New Topics in Radiation Research

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Focus on basic mechanisms, translational research and health effects.
Image Caption: 
Conference attendee and PhD student Jennifer Kwan investigates transcriptomic changes during lymphedema under the supervision of Dr. Fei-Fei Liu at Princess Margaret Cancer Centre.

Conference: 16th International Congress of Radiation Research (ICRR), August 25-29, Manchester, United Kingdom.

Key Highlights: This conference highlighted many topics including basic radiobiology, biomarkers for predicting radiation response, treatments for radiation-induced normal tissue toxicities and novel techniques for radiation delivery.

Conference Summary: ICRR is an international meeting hosted every four years, which highlights recent advances in radiation research. The meeting’s participants come from all over the world, including North America, Europe and Asia. This year’s conference program was divided into four major themes: 1) Basic Mechanisms, 2) Translational Research, 3) Radiotherapy and 4) Health Effects and Ecology. Each conference day included an exciting plenary talk from well-established scientists in the field of radiation research. Of note, there were two plenary speakers with ties to the University Health Network (UHN): Dr. Robert Bristow (a former Senior Scientist at UHN and now the Director of the Manchester Cancer Research Centre) spoke about hypoxia and the genetic instability of cancers; and Dr. Fei-Fei Liu (the Chief of the Radiation Medicine Program at UHN) presented her research on metabolic dysregulation in radiation fibrosis.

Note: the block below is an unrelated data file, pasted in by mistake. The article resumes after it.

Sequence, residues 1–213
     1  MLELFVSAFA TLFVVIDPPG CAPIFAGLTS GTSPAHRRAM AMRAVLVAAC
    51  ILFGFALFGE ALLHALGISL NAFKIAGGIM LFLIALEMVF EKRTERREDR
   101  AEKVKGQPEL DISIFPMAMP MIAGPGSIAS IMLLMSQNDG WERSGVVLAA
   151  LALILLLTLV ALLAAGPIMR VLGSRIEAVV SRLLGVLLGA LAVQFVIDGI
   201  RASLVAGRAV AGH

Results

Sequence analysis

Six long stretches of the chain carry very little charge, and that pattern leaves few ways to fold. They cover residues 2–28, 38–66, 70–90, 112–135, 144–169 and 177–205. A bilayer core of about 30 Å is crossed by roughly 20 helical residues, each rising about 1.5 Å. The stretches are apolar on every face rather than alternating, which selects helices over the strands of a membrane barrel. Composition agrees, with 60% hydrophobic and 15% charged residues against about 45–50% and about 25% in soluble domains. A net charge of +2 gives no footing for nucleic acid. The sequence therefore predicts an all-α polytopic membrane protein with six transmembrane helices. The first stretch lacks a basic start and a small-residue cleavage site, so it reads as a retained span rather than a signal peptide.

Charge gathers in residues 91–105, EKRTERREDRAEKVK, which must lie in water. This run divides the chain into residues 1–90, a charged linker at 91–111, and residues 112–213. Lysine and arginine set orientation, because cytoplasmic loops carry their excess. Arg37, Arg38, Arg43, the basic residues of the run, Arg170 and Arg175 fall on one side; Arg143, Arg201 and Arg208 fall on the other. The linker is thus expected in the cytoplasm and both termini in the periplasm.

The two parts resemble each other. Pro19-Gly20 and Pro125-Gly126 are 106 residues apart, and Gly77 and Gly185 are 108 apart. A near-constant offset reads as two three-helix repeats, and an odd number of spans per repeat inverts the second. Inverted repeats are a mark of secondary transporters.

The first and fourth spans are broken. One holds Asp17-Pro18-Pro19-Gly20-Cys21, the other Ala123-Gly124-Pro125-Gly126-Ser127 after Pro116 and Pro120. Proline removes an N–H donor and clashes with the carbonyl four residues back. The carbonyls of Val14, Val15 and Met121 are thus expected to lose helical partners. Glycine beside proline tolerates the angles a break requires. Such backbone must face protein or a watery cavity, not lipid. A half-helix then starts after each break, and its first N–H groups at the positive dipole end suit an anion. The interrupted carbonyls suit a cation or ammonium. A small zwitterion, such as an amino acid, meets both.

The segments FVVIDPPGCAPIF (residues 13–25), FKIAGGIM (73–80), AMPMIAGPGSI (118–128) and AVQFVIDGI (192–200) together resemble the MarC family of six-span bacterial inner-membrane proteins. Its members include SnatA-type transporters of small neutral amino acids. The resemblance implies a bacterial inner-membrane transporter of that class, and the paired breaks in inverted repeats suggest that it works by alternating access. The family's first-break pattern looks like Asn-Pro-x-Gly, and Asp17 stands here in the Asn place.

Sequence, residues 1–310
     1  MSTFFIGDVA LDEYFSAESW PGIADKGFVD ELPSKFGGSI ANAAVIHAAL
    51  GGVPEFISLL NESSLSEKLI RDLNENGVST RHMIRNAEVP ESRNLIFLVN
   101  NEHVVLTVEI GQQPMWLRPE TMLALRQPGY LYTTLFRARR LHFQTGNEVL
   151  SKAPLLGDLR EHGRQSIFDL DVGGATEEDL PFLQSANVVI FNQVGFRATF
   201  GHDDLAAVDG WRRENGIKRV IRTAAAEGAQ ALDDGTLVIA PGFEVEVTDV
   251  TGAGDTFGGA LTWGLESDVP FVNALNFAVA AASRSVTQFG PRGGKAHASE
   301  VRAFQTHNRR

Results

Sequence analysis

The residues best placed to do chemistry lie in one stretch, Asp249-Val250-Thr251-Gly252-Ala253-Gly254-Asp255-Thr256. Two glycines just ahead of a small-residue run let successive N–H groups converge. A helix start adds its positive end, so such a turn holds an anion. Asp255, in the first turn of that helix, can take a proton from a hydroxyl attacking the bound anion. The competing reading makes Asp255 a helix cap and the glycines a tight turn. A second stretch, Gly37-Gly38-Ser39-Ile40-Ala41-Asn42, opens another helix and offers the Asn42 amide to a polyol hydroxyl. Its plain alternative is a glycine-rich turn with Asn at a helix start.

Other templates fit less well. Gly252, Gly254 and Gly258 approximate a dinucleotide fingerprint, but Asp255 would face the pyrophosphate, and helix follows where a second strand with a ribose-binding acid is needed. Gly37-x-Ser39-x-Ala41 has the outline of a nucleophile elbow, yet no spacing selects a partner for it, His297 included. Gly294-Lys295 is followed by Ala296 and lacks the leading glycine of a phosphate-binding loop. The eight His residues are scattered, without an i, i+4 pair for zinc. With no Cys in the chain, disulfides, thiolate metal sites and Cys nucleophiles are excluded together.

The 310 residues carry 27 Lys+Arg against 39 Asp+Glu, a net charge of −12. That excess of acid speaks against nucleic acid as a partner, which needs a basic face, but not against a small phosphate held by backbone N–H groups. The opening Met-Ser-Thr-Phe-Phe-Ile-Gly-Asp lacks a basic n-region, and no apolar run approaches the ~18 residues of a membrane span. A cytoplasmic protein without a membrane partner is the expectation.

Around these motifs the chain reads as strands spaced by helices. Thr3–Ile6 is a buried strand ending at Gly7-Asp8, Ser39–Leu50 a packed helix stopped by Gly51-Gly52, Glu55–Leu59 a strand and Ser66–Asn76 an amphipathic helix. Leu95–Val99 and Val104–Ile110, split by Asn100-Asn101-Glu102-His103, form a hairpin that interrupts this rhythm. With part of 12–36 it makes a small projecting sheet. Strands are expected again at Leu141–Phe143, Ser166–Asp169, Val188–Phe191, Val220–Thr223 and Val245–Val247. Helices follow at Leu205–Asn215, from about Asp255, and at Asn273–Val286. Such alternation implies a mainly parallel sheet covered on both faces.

Other emerging topics that were discussed included new techniques for radiotherapy to reduce normal tissue damage. For example, FLASH-RT is an ultrahigh dose-rate radiotherapy that delivers radiation in a fraction of a second, whereas conventional radiotherapy delivers radiation over several minutes. It has been observed that this quick radiation delivery has an improved therapeutic ratio with greater protection of normal tissues. There were also talks on the long-term side effects of radiation and their relationship with clinical factors, radiotherapy dose and genetic risk factors. Lastly, several speakers presented novel therapeutic strategies to treat radiation injury to normal tissues using pharmacologic and cellular therapies.

Overall, this conference highlighted many research advances on important topics such as enhancing the specificity of radiation treatments for cancer cells and reducing normal tissue toxicities.